No Control When Offboarding
When an employee decides to leave, you can’t ask them to turn over their personal computer. That means all company network connections, applications, stored passwords, and work-related files could stay on their device, for years.
This mandates extra vigilance when turning down ALL network access after employee separations.
Example Situation – BYOD Causing a Data Leak
A customer's employee used their personal MacBook Pro laptop for work. They took it with them for a flight...and lost it in the airport.
Now a segment of the company's data is out in the world, with no chance to retrieve it.
Worse, we found that the employee refused to allow any backups of their laptop, for privacy reasons. The data on which they worked? Permanently gone.
Now the employee needs a new laptop, but they can't afford to buy one (new MacBook Pros are over $3,000). Who pays for the replacement? Does the company's insurance cover the loss?
This is one example of dozens we've encountered since 2019.
Avoid the Risks Inherent in BYOD and Issue Company Hardware to Employees
Our best-practice recommendations:
- Issue all team members a company desktop or laptop and smartphone (if needed). This includes all on-site, hybrid, and remote employees.
- Standardize your computer hardware selections for cost savings and easier support
- Standardize your computer builds and install cloud backups (where needed), anti-virus, and remote monitoring & management so you can automate regular updates.
- Track and manage all these devices using MDM (Mobile Device Management) or an endpoint management service like Microsoft Intune; be able to “remote wipe” any stolen devices (or ones that laid-off employees might refuse to return).
- Provide remote employees with secure VPN access to the company network.
- Make it company policy that no one can store business data on a non-company device.
- Bar non-company devices from network access. Provide them with guest access instead, via a guest Wi-Fi network.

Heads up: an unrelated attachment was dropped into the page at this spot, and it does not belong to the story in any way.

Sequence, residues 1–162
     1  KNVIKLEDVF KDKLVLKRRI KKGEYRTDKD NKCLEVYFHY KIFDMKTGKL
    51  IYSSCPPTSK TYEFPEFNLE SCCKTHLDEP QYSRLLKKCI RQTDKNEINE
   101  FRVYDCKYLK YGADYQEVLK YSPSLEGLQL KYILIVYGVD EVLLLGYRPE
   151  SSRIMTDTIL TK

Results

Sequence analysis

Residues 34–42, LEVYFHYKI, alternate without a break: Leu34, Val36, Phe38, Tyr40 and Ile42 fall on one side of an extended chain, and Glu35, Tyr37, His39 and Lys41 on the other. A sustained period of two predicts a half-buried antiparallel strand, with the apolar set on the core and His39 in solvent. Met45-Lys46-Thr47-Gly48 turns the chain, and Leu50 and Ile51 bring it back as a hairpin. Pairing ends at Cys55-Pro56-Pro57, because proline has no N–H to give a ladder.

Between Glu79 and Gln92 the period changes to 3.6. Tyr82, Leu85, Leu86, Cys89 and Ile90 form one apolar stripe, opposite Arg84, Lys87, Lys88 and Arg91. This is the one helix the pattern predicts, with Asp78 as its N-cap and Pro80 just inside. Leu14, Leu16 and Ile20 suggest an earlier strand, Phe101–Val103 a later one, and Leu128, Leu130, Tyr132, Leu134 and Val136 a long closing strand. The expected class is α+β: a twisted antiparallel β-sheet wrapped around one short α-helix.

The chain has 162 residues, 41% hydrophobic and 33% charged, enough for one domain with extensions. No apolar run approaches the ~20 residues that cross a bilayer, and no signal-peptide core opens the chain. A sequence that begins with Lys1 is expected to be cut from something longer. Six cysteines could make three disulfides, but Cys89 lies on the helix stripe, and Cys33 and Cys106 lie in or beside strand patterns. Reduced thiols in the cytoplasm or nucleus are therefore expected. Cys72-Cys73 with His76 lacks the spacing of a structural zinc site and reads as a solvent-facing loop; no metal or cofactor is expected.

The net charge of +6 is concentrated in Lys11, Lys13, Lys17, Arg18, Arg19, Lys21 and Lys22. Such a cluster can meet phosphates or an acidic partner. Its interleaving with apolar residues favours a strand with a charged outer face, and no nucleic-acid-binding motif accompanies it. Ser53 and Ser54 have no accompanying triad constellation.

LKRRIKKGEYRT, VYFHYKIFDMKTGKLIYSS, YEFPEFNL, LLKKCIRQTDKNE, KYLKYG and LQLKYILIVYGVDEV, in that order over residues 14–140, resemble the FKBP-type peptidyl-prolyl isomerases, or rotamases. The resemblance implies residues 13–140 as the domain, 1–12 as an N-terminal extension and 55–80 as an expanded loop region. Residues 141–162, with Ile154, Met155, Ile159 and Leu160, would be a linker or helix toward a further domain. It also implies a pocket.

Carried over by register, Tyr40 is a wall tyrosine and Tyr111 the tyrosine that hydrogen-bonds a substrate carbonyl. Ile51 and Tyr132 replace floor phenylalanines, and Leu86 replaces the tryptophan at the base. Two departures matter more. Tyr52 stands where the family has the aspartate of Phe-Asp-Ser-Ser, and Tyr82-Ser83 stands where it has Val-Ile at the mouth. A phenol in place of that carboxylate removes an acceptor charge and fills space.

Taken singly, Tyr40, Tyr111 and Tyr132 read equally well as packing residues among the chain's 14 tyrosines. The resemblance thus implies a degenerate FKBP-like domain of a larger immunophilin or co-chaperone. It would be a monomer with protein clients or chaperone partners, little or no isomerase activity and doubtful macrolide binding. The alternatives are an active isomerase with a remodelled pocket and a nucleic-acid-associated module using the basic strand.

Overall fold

- When employee separations occur, require that they turn company devices back in, then back them up and recycle them for another employee.
This approach closes the BYOD security hole.
We can attest to these standards, because we use them in our own network and for the majority of our customers. At PlanetMagpie, BYOD only stands for "Bring Your Own Dog! "
If You Can't Ban BYOD, Here's How to Manage It.
Be aware of the threats targeting BYOD (at all times):
- Email-based attacks (ransomware, data theft, phishing)
- Data leaks (from using non-approved apps, device theft, etc.)
- Privacy risks
- Unsafe apps/content
- Unauthorized access to company data/network/ servers
- Regulatory compliance
Actions to take against these threats:
- Request all remote workers secure their own networks.
- Turn on the router's firewall and Wi-Fi encryption
- Create a strong Wi-Fi password and change it regularly
- Change the default router login credentials
- Launch a VPN. Hardware VPNs give stronger protection than a software VPN, so use one of those if possible.
- Require that employees with critical company data on their personal computers allow you to set up cloud backups, but only on the folders where they keep company documents.
- Implement features on the VPN which deny access to non-compliant devices.
- Govern your critical data; keep it on secure services you control
- Adopt standard apps. Require all employees to use those apps on their devices (personal or work).
- Train everyone on cybersecurity awareness, particularly on email.
- Require MFA to access the company network.
- Replace older BYOD devices with company devices, as they age out. 80% of employees surveyed prefer separate devices for work and private use anyway.
- Provide company smartphones with MDM installed. Allow employees to use these phones for personal tasks.
Every Organization is Different – But All Face the BYOD Risk
The intrinsic danger of BYOD is that you'll never know where your company data is 100% of the time. You may find this an acceptable risk...depending on the value of your company data.
If you have data you MUST protect by law, or if you’re a cyber-target due to the nature of your work, it’s better to keep employee device procurement, security, and management within your control.
Your owners, investors, stockholders, and donors expect you to maturely manage your organization’s IT and protect their investments. Imagine the worst, and develop a strategy to avoid it.
Need to up your security game? Contact PlanetMagpie's cybersecurity experts at firstname.lastname@example.org.